Saturday’s come round again with its usual vigour. It only seems like a week ago that I was sending my last update to the interwebs. The number of bloggers joining in is growing. You’ll find links to the other posts over at the blog of The Propagator, to whom all praise and thanks go for coming up with the idea in the first place and continuing to host the meme.
And so, here are my six for today.
This is one of those tender fuchsias. The ones you either nurture indoors through the winter or sacrifice to the falling temperatures. It’s one of 10 I have in a wall planter outside the breakfast room which I planted up some 18 years ago. And all it gets is water and a bit of plant food once I’ve planted up my other wall planters by about June each year and can turn the irrigation system on. So much for tender! And so much for demanding for I will not have watered the planter between late October and mid June; it’s only moisture coming from the elements from which it is largely protected by the roof overhang. It’s become a “thing” just to see how it does given total neglect.
Another tender fuchsia. This one is really tender. I’ve bought a couple every year but have never been able to get them through winter in the greenhouse. This is a first. Both survived and both are now coming into flower. What’s so special about these? The variety is “Rivendell”. Some things you just have to have.
This is more of an event than a plant. Last week I was talking about digging up this dwarf, 6 foot (now 7), buddleia as I’d never seen a butterfly anywhere near it save for a couple of cabbage whites. But this week saw the launch of the “Save Our Buddleia” campaign. The thing was suddenly covered with peacocks. This one stayed still long enough to get a clear photo but I have lots of blurry ones. OK, so the bush may get a reprieve.
Finally the oriental lilies are flowering. The air is full of scent and the bin is full of anthers. I have lots of these orientals and they each have their individual patterning. This one has added spots; it’s nearby sibling doesn’t.
And the last of the mystery daylilies has flowered. I had thought that this one was actually part of another as the fans seemed to be attached. But no. This one is orange. So though I thought I had two mystery plants, I seem to have three. And there may be a fourth as the buds on one yet to open look different to anything else.
But this is a named variety – Beautiful Edgings. And you can see why. The only variety of daylily yet to flower is Bud Producer. Though it’s a late one, I don’t think it’ll oblige me this year as there are no signs of scapes forming on either of mine. But I’m not complaining as I still have a lot in flower and a lot of buds waiting to burst.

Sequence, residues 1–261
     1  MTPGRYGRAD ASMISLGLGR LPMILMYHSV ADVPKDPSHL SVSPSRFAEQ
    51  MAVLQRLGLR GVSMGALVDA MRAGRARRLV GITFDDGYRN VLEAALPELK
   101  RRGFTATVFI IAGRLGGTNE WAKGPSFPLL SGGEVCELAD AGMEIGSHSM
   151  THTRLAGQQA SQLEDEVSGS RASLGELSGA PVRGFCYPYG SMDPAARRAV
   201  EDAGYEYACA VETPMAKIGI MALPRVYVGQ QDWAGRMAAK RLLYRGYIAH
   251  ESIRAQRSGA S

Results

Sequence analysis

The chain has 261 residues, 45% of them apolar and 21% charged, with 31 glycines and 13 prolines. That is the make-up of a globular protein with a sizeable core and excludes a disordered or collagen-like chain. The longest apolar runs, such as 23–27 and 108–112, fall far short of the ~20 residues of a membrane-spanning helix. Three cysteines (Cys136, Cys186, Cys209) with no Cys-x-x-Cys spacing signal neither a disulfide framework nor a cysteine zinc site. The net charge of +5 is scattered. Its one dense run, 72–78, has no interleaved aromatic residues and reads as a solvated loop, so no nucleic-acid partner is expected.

So there we go for this week. See you again in a week, or in seven days, whichever comes first. Until then, enjoy your garden.
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10 thoughts on “Six on Saturday: 22 July”
Fuchsias are such good value plants from here on. I purchased two ‘Winston Churchill ‘ from Morrisons ( I know shame on me) in March for the princely sum of £1.50 each, they are now full of bloom.
Nowt wrong with Waitrose if you can afford their prices. And their gardening range is probably better-grown than a lot of the stuff you find in garden centres. Winston’s a lovely colour. That one, though, is Voodoo. Similar but, I believe, American-bred so not as classy. 🙂 Winston gets better over-winter care and is currently flowering away in another planter.
A nice way of doing regular posts, John and a good post too. D
Thank you sir. Hope all’s well with you since your return from the eastern Eurozone. When will you be restarting your blog? Anxiously waiting here 🙂
Pleased the butterflies have found your buddleia (yes I am an i-er too), love the bright orange day lily!
Thanks Gill. At the mo, the orange day lily is a single fan but once id starts to increase, I’ll be splitting it up (I already have potential splits on one of the yellow mysteries) and will be offering them to anyone who wants to take them forward. I just really want to know how these mystery plants got there. Really!
For a moment there I thought with Fuchsia Rivendell you’d reminded me of a plant I’d lost without noticing, but I was confusing it with Galadriel, which I still have. Must go and see if it’s doing anything. I could do with a buddleja, Heleniums are my main butterfly attractors.
Never noticed butterflies on the Heleniums, only slugs! Must look around for Galadriel. She’s hardy, which Rivendell is definitely not. And I see you’re in the “J” camp of bud spelling. I’m currently in the “I” camp being very unsure as to which is correct. There’s one web site which hedges its bets ridiculously: http://urbanbutterflygarden.co.uk/buddleia-butterfly-bush-buddleja-shrubs.
I love those fuschias. They have such beautiful flowers. I am glad your buddleia has been saved.
Hi Brigid. If bud’s attracting butterflies at long last then it’s earning its place rather than just being a large bearer of nondescript foliage with some purple bits at the ends. I’m hoping for a bit more variety though, not just peacocks.
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